I get this a lot. Some guy I knew centuries ago sees me playing forty-eighty hold’em and says to me, “what are you doing here?” I sigh.
Stuff like this has gone on most of my life. When you’re a hustler, you end up losing most of the time for the big win at the end. You play the fool. You can never show how good you are. There’s no applause here. You do your job and end up counting money in some hotel room, splitting it with your backers if you have any. Then, you wait for the girls, or the drugs, or the liquor to kick in. Most of the time I would watch TV thinking about all the mistakes I had made. There were always mistakes.
There were dreams too. Hustlers have their personal very unconventional nirvana. Mostly they want to make enough to never have to do it again. Mostly they hate the game they played. Like me. I hated that fact that I could never shine. Never show my stuff.
Heres how it goes. You play bad. Lesson number one. Your backer, who is a former hustler or money guy who likes action shows you. He picks up a few dollars and says this is what you get if you always play good; then he takes out the c-notes wrapped in a rubber band and says this is what you get if you play bad right up until the end. Okay chief. You get the message.
The hustlers are the little wizards of the world. They have the gift. They do something in one particular thing better that almost anyone else and the money rolls in. Still it is never enough. It is too easy. That is the trap.
Of course, the little wizards almost always fail in the end. Their window of opportunity is narrow and short. They never see until its way too late. It’s a peculiar sadness I’ve witnessed many times. The little wizards are in their own universe and this universe is alien and foreign to them and equally scared of them. So the good people of this universe set out to destroy them. They usually succeed.
UFA Poker takes its share. Poker attracts the gifted and destroys them. Luck destroys them. Their arrogance destroys them. To lose to the inferior is beyond unacceptable. And yet it happens all the time.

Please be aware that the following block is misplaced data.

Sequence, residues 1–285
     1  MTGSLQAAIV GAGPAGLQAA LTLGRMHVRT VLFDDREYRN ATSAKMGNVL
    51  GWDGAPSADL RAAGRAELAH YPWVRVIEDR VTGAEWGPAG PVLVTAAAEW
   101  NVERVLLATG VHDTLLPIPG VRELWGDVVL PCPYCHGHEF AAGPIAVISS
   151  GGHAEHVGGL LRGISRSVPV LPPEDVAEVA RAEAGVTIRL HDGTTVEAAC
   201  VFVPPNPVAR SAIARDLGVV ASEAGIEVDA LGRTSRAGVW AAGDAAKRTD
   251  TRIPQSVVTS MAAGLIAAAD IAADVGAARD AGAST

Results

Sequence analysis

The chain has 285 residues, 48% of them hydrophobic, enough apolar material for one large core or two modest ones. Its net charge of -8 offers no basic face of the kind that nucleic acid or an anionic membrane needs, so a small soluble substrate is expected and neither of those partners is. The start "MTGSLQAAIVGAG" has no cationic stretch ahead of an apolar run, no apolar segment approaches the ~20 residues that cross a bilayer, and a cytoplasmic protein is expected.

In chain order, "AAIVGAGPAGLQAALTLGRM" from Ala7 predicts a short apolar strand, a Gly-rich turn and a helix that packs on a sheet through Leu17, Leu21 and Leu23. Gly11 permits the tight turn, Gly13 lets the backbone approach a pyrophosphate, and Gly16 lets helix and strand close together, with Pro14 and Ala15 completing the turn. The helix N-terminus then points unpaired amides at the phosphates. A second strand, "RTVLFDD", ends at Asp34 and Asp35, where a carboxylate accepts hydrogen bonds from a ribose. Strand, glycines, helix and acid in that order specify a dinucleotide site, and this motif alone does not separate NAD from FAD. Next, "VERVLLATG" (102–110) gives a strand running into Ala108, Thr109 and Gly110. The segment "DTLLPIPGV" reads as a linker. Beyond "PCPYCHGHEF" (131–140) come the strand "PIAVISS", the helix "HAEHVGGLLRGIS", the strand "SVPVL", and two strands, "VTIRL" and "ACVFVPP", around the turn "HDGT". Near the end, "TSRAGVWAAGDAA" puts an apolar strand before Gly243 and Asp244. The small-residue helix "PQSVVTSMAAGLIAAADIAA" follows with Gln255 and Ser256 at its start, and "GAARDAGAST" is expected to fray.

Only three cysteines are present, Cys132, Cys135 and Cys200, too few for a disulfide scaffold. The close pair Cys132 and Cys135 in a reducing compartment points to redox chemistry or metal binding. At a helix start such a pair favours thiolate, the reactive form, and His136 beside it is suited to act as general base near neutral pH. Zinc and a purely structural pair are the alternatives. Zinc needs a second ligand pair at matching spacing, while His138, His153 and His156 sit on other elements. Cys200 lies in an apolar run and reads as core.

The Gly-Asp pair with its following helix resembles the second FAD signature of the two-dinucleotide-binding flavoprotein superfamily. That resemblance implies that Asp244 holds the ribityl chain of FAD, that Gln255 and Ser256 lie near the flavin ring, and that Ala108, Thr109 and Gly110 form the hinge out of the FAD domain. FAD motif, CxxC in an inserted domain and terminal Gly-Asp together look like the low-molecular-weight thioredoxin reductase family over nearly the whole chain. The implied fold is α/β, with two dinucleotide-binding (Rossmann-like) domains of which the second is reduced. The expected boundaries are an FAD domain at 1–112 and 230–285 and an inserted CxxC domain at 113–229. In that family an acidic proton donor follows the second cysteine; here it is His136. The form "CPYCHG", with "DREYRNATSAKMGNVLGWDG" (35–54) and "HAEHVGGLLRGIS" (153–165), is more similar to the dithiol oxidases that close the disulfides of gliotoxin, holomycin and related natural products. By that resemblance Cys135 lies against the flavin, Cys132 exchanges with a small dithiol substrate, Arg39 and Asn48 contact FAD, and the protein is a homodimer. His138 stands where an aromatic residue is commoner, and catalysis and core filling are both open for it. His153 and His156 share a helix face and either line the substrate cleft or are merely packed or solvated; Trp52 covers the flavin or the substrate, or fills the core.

My first days playing poker I thought, “what an incredibly ridiculous thing have I fallen into.” That thought stayed with me for a while. Between the bad beats, bad players, bad luck, you have to find something inside yourself to get over the hump. Unlike other things that your skill can get you past, poker exerts an incredible force to open your nose, throw you on tilt; to destroy you. We all have gifts that can get us through. I’ll tell you about mine.
I was good at chess. To this day if I mention it, someone will want to play with me. Sometimes for money. If they mention money, then I know they think they are pretty good. Of course for a normal person they are, but not when they are up against a wizard. At some point, once I put the hammer down, they get this look in their eyes. Thanks. You have just come face to face with the gift. I moved on. At the time, I had no idea that the great equalizer was in the future and that mere mortals would and could roast me over the coals of the feast called poker.
Of course chess has no luck, though it has become fashionable to say it has a little. Whatever. The point is, that if you are better than the next guy, then you are going to win and that’s it. Some of these wizards hardly ever lose a game. Still chess has a lot of the blessed, so there is a hierarchy and only the best of the best move on. I started playing the no limit hold’em of chess; speed chess. Now we’re gambling.
Imagine a game of chess and now imagine that you have just two minutes to play. As does your opponent. The game will be over in minutes. No old men smoking pipes on a park bench taking eternities to sort out their next move. No, this is Washington Square where crack pipes intermingle with peppermint incense and a man with the gift is usually tortured, because this is a street game and it has its own rules. Bad news if you come from the Manhattan school of intellectual chess, passed down for generations from the frozen regions of Russia. Few adapt. This is gambling with many desperate to win, and motivated by an overwhelming need for drugs or food. This need can make you good.